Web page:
The Weeknighter: The Tunnel Top


Weekends are for amateurs. Weeknights are for pros. That's why each week Stuart Schuffman will be exploring a different San Francisco bar, giving you the lowdown on how and where to do your weeknight right.  From the most creative cocktails to the best happy hours, Stuart's taking you along on his weeknight adventures into the heart of the City's nightlife. So, who wants a drink?

The Tunnel Top sits a half block down from where Brigid O’Shaughnessy shot and killed Miles Archer in Dashiell Hammett’s classic, The Maltese Falcon. Maybe if Archer had fallen differently he would’ve rolled down to the bar’s front door instead of onto an embankment that had something or other to do with the Stockton Tunnel. That is, of course, if the story wasn’t fictional and if The Tunnel Top had existed in 1930. It didn’t, but it does now, and just last week I rolled into its front door to meet my friend Brittany for happy hour drinks.

From the outside, The Tunnel Top doesn’t look like much. The signage looks like some dive from the 70s, the windows are difficult to see into, and just below, next to the mouth of the tunnel, is a rub-n-tug massage parlor called The Green Door. But once inside, you’re treated to a two story bar far lovelier than expected. Sometimes the best things in life look drab on the outside and are perfect once you’re allowed in. At night The Tunnel Top is darkly lit with most of the light coming from bar candles, a chandelier made from wine bottles, and whatever movie is being projected onto the wall. The rest of the loungy atmosphere is provided by a DJ situated upstairs by the projected movie, talented bartenders making drinks with fresh ingredients, and good looking patrons most nights of the week.

I first started going to The Tunnel Top many years ago when I was working in a mediocre Italian restaurant in North Beach. A few of us would get out of work, navigate through post hustle-and-bustle Chinatown, and then end up at The Tunnel Top. Back then they still allowed smoking inside for some reason, which was gross, but it did lend a bit more of the Dashiell Hammett mystique that still haunts the area at nighttime. Afterwards, we’d stumble out of the bar and into the fog where, if you squinted just right, you could imagine being in the Nob Hill of yesteryear.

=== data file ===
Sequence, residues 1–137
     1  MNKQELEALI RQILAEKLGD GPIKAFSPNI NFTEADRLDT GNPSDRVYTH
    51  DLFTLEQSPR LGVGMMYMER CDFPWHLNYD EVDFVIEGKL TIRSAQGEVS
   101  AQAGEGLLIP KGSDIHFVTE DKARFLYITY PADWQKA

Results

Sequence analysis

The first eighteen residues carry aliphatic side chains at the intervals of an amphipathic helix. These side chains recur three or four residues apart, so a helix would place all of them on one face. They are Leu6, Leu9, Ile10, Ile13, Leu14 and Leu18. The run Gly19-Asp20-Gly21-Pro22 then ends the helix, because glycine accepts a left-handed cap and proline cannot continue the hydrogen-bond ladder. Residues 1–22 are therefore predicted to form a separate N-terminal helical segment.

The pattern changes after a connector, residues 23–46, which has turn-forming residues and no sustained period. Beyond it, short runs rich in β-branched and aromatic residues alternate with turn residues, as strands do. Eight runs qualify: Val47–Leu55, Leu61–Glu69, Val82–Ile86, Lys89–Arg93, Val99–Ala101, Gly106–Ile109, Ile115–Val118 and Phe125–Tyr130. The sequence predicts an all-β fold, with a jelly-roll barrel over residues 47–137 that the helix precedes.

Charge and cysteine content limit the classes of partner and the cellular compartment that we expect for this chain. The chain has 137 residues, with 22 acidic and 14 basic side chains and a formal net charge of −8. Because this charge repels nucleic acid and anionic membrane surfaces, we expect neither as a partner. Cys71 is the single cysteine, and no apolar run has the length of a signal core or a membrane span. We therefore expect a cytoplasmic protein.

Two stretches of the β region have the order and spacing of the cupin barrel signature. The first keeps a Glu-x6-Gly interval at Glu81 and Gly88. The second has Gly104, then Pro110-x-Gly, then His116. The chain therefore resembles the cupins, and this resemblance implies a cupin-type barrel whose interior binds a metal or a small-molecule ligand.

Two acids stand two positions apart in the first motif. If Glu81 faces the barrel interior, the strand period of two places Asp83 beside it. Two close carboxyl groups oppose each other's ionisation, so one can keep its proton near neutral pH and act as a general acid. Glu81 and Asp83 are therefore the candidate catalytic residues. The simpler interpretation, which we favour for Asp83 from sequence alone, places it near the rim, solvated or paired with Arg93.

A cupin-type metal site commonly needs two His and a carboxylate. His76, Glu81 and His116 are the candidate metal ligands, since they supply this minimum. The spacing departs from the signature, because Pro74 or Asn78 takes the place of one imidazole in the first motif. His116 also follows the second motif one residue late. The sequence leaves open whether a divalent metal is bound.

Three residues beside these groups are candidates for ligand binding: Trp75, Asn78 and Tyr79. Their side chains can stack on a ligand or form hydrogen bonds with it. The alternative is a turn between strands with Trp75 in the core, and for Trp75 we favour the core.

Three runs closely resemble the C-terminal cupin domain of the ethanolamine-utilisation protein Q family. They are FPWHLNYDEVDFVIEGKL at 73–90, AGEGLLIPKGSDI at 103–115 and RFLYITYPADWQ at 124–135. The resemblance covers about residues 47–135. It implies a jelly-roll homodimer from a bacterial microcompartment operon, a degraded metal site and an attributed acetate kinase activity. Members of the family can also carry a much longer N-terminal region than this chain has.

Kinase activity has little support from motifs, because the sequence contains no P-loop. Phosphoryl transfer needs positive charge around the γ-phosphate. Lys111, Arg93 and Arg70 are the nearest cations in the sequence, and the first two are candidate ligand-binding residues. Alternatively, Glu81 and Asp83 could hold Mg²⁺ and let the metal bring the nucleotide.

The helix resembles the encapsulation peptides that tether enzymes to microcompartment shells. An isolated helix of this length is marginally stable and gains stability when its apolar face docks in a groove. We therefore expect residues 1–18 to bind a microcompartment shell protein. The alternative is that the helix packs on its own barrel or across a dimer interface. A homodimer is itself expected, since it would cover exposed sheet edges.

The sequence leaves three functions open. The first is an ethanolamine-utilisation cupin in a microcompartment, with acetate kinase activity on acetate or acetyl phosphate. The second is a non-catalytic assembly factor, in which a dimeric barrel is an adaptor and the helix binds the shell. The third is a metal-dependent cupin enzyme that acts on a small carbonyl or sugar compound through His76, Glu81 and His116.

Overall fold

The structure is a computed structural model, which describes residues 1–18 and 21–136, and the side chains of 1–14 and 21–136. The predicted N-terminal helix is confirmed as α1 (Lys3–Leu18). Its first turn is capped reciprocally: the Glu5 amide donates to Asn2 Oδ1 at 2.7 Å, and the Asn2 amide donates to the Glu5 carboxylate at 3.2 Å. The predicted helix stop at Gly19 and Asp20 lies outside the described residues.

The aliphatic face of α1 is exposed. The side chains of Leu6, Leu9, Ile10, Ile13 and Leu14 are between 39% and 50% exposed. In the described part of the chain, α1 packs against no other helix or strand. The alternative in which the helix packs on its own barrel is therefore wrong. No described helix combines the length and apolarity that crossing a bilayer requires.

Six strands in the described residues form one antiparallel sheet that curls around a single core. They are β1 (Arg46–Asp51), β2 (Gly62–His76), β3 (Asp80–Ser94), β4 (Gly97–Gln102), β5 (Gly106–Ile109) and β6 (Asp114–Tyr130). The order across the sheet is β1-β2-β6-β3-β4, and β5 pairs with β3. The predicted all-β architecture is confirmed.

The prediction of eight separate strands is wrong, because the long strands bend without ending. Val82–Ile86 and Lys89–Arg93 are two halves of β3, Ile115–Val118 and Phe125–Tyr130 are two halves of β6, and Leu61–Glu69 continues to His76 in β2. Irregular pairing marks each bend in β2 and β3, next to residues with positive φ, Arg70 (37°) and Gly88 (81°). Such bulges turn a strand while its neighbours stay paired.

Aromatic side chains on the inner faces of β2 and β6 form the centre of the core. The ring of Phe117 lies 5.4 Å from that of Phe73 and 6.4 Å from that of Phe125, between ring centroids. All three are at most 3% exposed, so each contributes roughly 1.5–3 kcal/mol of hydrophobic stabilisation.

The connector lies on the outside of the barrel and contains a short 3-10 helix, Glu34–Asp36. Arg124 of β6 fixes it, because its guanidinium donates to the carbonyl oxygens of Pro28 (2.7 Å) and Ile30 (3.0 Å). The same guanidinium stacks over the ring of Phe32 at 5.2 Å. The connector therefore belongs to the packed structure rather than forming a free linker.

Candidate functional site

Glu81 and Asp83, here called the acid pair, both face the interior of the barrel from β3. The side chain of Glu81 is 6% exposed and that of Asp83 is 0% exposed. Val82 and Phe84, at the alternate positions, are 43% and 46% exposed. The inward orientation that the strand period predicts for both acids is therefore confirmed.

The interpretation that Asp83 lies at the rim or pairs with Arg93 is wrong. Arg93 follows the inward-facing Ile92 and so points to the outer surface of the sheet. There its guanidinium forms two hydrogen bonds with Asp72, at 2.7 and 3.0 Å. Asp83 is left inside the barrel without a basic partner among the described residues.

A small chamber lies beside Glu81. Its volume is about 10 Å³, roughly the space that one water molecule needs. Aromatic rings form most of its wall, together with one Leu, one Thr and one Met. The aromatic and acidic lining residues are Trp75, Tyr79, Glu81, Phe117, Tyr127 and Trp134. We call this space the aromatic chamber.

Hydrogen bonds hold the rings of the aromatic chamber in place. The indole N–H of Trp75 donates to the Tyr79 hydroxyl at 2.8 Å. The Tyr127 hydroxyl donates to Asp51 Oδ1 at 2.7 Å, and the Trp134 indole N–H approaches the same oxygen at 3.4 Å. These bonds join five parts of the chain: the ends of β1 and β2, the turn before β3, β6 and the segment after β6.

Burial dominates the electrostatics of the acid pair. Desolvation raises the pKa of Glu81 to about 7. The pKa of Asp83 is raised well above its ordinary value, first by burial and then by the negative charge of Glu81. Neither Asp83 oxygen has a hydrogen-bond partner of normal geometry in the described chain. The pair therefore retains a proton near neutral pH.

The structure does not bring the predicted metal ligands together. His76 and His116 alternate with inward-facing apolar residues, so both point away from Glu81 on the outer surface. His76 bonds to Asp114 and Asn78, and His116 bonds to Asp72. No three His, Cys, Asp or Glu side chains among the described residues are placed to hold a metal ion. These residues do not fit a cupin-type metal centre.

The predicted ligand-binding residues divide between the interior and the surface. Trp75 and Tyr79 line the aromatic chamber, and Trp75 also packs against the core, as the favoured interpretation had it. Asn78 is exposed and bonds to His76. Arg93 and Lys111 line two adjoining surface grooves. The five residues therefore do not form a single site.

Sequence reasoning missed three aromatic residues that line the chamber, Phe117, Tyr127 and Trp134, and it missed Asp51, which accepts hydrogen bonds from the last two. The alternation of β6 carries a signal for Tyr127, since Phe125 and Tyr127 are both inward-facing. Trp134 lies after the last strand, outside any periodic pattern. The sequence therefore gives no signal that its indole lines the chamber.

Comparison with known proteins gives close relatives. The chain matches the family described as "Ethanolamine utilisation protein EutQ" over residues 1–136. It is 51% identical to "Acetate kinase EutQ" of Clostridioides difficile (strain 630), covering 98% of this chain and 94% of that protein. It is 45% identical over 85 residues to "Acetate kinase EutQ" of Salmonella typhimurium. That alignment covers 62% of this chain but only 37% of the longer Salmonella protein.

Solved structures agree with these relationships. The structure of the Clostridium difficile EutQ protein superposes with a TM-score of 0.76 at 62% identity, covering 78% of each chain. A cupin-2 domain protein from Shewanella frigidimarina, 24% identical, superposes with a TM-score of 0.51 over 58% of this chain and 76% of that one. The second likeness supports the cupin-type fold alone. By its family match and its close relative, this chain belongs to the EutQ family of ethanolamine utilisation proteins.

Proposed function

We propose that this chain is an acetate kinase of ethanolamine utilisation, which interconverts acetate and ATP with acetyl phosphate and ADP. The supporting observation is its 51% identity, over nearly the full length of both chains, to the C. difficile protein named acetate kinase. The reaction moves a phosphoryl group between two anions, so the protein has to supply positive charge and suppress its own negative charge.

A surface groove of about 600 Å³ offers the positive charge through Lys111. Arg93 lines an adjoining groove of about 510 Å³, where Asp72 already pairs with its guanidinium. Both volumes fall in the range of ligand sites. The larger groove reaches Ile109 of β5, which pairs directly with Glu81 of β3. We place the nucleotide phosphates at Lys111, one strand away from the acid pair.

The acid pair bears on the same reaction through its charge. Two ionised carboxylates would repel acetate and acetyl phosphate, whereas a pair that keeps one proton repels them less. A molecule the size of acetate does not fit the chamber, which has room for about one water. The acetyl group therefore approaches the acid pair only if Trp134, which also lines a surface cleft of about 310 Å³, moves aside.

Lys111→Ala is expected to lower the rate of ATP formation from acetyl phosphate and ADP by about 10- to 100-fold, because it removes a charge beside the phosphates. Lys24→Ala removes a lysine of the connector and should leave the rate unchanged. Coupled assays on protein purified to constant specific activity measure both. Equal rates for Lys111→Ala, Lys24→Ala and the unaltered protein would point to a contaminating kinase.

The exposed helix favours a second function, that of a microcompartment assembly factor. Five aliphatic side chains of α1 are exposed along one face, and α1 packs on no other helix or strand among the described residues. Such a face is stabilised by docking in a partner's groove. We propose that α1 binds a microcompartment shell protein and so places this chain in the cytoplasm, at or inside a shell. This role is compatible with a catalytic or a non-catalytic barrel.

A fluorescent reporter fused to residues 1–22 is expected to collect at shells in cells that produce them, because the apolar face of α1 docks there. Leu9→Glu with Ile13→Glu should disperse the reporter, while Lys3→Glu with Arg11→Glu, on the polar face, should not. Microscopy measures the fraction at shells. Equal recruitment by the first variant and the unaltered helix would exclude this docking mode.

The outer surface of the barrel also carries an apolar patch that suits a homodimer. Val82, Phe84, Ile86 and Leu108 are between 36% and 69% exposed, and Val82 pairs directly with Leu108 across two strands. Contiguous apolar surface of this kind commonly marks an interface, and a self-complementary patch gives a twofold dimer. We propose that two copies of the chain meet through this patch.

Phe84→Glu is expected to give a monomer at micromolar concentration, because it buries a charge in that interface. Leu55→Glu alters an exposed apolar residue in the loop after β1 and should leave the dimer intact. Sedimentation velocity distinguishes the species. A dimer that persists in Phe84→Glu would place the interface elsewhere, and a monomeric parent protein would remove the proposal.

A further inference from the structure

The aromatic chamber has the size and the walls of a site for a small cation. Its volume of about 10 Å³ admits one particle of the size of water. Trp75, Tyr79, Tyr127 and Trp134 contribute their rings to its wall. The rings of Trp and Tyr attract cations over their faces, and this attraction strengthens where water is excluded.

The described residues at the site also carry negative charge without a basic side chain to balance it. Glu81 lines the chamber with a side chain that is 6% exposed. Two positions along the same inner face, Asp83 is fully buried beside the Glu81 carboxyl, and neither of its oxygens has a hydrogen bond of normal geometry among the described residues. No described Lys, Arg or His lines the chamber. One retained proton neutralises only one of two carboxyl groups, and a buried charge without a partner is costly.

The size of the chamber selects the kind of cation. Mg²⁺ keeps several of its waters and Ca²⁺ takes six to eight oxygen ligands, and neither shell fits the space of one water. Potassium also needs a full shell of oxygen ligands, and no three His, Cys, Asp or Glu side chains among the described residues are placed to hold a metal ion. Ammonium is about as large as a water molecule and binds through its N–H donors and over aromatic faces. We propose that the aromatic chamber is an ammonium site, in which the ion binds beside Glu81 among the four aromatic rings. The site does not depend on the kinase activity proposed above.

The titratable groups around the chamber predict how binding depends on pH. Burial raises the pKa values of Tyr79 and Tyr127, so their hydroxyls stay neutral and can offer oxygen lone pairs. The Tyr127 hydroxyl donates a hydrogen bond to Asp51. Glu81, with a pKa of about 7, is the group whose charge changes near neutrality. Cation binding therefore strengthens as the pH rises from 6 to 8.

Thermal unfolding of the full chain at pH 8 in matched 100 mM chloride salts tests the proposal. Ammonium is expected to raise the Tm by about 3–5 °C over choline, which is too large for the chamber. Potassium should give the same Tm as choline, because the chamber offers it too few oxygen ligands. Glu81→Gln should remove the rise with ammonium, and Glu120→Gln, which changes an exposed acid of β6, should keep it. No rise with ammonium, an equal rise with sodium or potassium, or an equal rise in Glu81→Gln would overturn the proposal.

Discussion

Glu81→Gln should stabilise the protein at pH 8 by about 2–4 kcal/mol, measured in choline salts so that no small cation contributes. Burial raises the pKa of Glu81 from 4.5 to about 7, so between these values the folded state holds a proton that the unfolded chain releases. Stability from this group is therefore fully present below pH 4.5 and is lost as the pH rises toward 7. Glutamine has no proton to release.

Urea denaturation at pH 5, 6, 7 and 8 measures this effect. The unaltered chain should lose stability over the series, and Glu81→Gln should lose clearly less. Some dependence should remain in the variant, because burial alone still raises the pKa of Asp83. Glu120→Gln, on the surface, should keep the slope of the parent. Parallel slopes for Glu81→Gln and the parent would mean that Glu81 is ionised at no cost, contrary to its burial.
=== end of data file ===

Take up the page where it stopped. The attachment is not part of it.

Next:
I was thinking about all this as I sat at the bar waiting for Brittany to arrive. It was 6 pm on a weekday. No fog, no smoke, no darkly lit bar, just a handful of regulars getting a daylight buzz going before heading to the Giants game or heading home to make dinner with their husbands or wives. I’ve got a problem with nostalgia. Not only for things in my own life, but for shit I never even lived through. I romanticize the past for reasons I can’t explain. Sitting there, munching on the bar-snack trail mix, I remembered the nights I’d spent there and I imagined all the ones the existed before my time. They say Dashiell Hammett used to live right up the street. I don’t doubt it, I just wonder if The Tunnel Top would be his kind of bar. It certainly is mine.

Pro tip: There’s a breathalyzer by the bathrooms so you can see how drunk you really are.

Stuart Schuffman has been called "an Underground legend" by the SF Chronicle, "an SF cult hero" by the SF Bay Guardian, and "the chief of cheap" by Time Out New York. He is also the host for the IFC travel show Young, Broke & Beautiful. Follow him @BrokeAssStuart.

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